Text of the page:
5 Mentors Every Entrepreneur Should Have
Editor’s note: A version of this column previously appeared at JoannaLord.com.
Entrepreneur. It’s a tough word — both to spell and to call yourself. Being an entrepreneur brings with it a love of leaping head first into the unknown. Life-long entrepreneurs love new challenges, and live their lives in a constant growth phase. One of the common resources an entrepreneur turns to is a mentor. Asking for advice and bouncing ideas off of others is essential to the success of an entrepreneur’s journey.
I’ve been fortunate to have a variety of mentors over the years, and I can’t imagine standing where I am if it wasn’t for them. Despite all the challenges of running a business, the biggest constant in my life is those mentors, and their advice.
I also think it’s important that mentors come from many different perspectives, as mine have. These are the five types of mentors I’ve had over the years, and the ones I think any entrepreneur can benefit from:
1. A friend that knew you before you started your own thing.
Perhaps no voice matters more than the one that knew you before you had a startup. They knew you when all this was just a dream, or when you didn’t even know what a startup was. They can speak to your roots and ground you when you get lost in the startup haze.
For instance, when I go back home to the East Coast, my friends ask me about everything except tech and business. They tell me how impressed they are but remind me that I need to slow down, to live the life I want, doing what I love. No entrepreneur should lose sight of that.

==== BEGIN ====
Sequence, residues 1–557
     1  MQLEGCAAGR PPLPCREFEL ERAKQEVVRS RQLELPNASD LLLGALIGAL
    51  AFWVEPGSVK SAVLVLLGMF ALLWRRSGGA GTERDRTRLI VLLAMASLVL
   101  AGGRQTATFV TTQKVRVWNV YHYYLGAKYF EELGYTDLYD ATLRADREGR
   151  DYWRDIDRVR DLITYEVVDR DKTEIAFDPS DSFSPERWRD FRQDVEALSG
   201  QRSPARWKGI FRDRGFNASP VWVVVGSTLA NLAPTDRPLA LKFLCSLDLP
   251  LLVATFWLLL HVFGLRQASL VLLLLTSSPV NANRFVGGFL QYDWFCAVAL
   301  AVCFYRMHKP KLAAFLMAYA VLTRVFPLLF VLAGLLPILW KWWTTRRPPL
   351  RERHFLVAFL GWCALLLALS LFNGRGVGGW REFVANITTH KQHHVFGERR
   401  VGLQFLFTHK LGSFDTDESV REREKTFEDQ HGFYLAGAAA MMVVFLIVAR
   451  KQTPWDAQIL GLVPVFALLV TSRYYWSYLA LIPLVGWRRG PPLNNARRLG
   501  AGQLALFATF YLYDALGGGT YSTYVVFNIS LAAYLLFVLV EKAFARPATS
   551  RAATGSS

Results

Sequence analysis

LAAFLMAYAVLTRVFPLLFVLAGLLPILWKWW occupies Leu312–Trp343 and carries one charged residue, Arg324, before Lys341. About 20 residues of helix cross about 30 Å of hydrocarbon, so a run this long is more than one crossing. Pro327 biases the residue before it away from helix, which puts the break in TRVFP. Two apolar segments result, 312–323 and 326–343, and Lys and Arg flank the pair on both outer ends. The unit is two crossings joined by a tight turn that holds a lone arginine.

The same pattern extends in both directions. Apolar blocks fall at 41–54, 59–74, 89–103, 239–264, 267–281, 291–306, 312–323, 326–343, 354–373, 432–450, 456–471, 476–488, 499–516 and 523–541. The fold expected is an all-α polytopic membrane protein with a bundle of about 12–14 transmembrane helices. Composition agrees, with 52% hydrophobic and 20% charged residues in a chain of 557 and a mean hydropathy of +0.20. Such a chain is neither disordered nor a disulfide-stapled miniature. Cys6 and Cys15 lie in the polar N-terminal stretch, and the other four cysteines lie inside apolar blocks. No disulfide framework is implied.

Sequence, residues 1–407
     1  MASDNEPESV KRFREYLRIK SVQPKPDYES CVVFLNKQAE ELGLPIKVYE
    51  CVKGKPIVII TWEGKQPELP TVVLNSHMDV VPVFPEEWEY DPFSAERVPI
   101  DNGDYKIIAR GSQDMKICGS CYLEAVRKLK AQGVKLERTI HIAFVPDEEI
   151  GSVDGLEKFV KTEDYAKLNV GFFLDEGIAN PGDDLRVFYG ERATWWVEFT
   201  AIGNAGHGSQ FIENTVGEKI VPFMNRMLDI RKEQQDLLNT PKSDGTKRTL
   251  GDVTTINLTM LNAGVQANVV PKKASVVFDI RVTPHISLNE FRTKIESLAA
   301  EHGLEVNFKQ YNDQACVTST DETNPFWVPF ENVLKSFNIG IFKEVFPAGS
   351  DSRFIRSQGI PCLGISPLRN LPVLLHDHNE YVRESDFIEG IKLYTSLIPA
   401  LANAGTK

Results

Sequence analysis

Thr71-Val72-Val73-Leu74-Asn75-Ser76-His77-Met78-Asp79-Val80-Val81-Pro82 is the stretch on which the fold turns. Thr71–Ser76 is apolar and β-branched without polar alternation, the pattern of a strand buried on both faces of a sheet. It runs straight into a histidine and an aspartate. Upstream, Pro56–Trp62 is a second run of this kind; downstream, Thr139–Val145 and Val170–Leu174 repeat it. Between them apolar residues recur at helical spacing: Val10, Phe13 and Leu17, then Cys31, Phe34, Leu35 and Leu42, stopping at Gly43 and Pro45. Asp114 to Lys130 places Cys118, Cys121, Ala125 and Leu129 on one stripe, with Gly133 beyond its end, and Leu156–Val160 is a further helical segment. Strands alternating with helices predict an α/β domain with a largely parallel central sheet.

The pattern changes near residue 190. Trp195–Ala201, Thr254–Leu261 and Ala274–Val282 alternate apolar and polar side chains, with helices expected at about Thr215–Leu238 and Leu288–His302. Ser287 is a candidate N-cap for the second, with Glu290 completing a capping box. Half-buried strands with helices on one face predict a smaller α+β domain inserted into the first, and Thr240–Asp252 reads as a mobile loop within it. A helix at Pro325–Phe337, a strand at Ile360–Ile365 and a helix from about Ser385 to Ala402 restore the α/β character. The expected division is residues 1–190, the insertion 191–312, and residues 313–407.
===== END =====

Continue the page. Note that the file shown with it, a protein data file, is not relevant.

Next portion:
2. A person with your similar skill set at your point of learning.
Having regular coffee dates or Skype chats with people who are in your similar phase of growth can lead to valuable relationships. I have a group like this, and we push each other and question each other’s decisions. We have been there when things fell through and when our big days happened.
There is a confidence that can come with camaraderie like that. We understand what each of us is going through.
3. A colleague you don’t love working with.
One of the biggest challenges that face any entrepreneur is justifying what you want to do and why it’s going to disrupt the status quo — whether it be to investors, future co-founders, team members, the press or others. It helps if you’re good at talking to just about anyone. Fine tune your ability to take feedback and get good at turning it into positive results. There is no quicker way to do this than to push forward with a relationship that isn’t particularly enjoyable or easy at first.
4. A person with the exact opposite skill set than yours.
Seek out mentors who are most unlike yourself. For me it’s been coffees with product managers, and tech leads. I’ve met with chief operating officers and have standing chats with our office manager. Do I know much about any of that? Not really. Do I know more now than I did before I met with them? Sure as heck I do.
Having these types of mentors and encounters has motivated me to take classes in coding and financials, and it’s humbling to see just how much you don’t know. Life-long learning is critical to success in business, and particularly to those who have bought into an industry founded on innovation.
5. A friend who always knew you’d be an entrepreneur.
Meet often with someone who knows you as “your entrepreneurial self” and not in any other way. He or she is likely the one to say “you got this” and “this is what you do” — even when you’re doubting it yourself. That person can’t imagine you ever taking the safe option or quitting. He or she would never tell you it’s OK if you haven’t given something your best effort, and will cheer every one of your accomplishments.